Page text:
Hot on the heels of the UK White Paper mentioned in the previous post, the EU Vice-President for the Digital Agenda, Neelie Kroes, has announced plans for a revision of an EU directive on the use of public data to open data up for re-use and exploitation.
The irreverent blog “The Register” summarises the plans including:
- Making it a general rule that all documents made accessible by public sector bodies can be reused for any purpose, commercial or non-commercial, unless protected by third-party copyright.
- Making it compulsory to provide data in commonly-used, machine-readable formats, to ensure data can be effectively re-used.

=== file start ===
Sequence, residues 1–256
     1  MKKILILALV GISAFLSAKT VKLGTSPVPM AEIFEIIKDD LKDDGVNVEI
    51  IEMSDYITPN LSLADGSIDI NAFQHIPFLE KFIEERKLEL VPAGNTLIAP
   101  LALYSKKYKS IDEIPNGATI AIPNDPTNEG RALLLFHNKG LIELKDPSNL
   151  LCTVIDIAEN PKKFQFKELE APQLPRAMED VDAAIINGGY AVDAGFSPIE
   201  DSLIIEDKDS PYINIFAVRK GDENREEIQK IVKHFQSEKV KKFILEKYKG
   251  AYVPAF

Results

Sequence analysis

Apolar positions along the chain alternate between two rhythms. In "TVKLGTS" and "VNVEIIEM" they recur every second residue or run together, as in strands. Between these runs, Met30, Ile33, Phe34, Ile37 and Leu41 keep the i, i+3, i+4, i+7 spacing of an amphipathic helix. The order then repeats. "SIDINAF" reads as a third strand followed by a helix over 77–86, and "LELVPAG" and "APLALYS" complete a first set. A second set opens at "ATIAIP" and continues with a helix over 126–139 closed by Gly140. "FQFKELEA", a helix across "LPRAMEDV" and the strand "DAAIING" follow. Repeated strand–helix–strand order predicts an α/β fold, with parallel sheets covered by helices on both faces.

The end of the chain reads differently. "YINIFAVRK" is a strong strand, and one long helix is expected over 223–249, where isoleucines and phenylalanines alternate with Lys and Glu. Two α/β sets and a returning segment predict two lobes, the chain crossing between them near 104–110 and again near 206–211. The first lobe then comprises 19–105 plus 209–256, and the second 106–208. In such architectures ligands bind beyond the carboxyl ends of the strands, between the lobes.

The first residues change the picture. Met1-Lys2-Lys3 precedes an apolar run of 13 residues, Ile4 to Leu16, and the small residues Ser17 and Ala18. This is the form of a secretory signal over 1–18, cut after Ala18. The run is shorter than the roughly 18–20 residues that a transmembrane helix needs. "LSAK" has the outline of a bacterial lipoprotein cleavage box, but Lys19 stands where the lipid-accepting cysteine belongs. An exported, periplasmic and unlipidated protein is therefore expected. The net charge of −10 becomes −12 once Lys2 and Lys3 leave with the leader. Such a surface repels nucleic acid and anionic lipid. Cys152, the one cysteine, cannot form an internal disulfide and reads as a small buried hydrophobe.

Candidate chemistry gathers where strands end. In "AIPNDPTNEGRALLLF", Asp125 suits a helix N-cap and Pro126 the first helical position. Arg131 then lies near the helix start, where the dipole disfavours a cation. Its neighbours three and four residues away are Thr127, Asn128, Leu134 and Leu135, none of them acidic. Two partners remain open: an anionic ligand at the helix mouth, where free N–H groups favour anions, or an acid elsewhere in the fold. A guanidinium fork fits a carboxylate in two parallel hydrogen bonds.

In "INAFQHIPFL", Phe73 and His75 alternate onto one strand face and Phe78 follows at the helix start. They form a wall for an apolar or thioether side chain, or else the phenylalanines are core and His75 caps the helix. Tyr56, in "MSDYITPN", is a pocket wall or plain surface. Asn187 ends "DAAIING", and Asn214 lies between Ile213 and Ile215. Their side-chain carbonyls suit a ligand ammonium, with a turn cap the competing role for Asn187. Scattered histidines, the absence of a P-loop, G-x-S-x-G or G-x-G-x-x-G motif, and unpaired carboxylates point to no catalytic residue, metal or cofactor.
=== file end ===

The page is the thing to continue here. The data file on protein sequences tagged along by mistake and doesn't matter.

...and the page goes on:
Now, while it is arguable as to whether research data fits the criteria for public data, this and the UK’s White Paper is indicative of a growing push towards data openness from governments. This may possibly stem from thirst for new economic exploitation of open information for much needed growth, rather than the high-minded principles of earlier Open Access directives, but the path is the same.
PS – Neelie Kroes has an interesting video online on the drive towards openness, of which this is part. Given her role, in some ways this can be seen as demonstrating the Commission’s position. This was delivered at the libraries LIBER 40th annual conference, Barcelona earlier this year.